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PCNA President and CEO says 50% of Porsches will be plug-ins by 2025

Tuesday, November 19, 2019

Article and photo by Damon Lowney

In a wide-ranging 25-minute interview today at the Los Angeles International Auto Show, Porsche Cars North America President and CEO Klaus Zellmer and Tech Crunch’s Kirsten Korosec spoke about the future of Porsche. A key figure given by Zellmer was that 50% of Porsche’s new-car volume will be plug-in by 2025. Whether that figure is regarding plug-in hybrids and/or plug-in electric vehicles was not mentioned.

Following the all-new Porsche Taycan, Porsche’s next EV will be based on the Macan SUV, though an internal combustion engine (ICE) equipped Macan will co-exist with an EV version in the next generation. The new Macan will have design cues from the Taycan, Zellmer says, and he thinks the adoption of EVs over ICE vehicles won’t happen in the next five years, but more likely in the next 10 years.

When Korosec asked when battery technology reaches a point where it offers more performance than an internal combustion engine and how that affects Porsche’s strategy, Zellmer responded with a quote from Ferry Porsche: “The last car ever built will be a sports car.” He explained what this means in the current era by relating the quote to sail boats. Though sail boats have long been obsolete, there is still a market for high-end sailing yachts. Zellmer foresees there will always be an ICE-equipped Porsche, even in a world dominated by EVs.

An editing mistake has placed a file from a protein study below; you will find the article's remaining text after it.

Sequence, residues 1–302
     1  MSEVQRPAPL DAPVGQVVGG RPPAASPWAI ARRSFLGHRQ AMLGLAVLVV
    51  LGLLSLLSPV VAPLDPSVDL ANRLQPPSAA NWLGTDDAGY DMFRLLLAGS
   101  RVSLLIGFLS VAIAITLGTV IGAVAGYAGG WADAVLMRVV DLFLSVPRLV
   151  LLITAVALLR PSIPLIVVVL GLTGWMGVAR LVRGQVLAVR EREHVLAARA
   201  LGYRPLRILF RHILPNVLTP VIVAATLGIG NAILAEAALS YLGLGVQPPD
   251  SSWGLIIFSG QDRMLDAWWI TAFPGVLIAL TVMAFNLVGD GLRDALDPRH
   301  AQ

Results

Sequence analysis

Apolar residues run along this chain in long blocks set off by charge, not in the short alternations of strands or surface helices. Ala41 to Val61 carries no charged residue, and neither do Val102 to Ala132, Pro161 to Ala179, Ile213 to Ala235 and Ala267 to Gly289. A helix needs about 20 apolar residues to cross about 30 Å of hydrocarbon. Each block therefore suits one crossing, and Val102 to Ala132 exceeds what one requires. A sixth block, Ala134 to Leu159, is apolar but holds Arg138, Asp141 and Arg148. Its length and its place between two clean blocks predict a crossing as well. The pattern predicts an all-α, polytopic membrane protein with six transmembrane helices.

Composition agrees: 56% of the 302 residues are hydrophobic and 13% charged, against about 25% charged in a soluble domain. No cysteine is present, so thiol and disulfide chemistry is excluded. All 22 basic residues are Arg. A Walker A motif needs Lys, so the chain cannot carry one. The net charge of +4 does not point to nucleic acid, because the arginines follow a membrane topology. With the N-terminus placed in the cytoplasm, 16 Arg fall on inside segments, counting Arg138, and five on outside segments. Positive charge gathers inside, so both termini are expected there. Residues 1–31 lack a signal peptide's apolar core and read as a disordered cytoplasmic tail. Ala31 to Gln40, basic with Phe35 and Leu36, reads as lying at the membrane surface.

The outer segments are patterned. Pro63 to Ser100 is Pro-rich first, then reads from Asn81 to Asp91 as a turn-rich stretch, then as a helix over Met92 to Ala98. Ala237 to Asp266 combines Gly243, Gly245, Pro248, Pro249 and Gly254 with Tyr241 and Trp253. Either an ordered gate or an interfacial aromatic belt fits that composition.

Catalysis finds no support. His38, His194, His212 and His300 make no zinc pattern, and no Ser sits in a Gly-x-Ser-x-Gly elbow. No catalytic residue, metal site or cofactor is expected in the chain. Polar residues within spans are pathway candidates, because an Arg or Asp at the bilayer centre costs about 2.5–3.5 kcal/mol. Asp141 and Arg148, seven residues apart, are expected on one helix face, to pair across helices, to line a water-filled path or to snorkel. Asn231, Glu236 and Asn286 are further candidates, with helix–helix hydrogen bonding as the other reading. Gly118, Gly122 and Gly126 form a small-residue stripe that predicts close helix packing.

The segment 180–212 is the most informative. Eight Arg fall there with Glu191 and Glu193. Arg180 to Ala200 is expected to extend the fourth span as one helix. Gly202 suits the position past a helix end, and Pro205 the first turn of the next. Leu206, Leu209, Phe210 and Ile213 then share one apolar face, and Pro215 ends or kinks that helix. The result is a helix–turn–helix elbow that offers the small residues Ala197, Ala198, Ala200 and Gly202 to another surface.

Though Porsche has positioned itself as a company focused on driving engagement, there will be a time when its vehicles will have autonomous capabilities. Zellmer says initial adaptations of autonomous technologies will likely happen in the next five years or so in geo-fenced areas. A geo-fenced area will limit a car’s autonomous capabilities a defined geographic area. The steps to autonomous functions in a Porsche will be incremental so that the company has its bases covered regarding the safety of such systems.

Zellmer also admitted Porsche will not be a pioneer in autonomous vehicle technology, and used an analogy to make his point. Though Porsche was not a pioneer of cupholders, customers will now find cup holders in each new Porsche model.

Ending the interview, Korosec and Zellmer briefly covered Porsche’s partnership with Boeing to explore a vertical take-off and landing vehicle. Zellmer says that urban areas may require a third dimension to get from point A to point B, and that Porsche’s customers may find a flying car, or “flying object,” as Zellmer put it, interesting or to their liking. At this point, a 1/3-scale model of the vehicle is already testing, with a full-scale model currently being built, Zellmer says.

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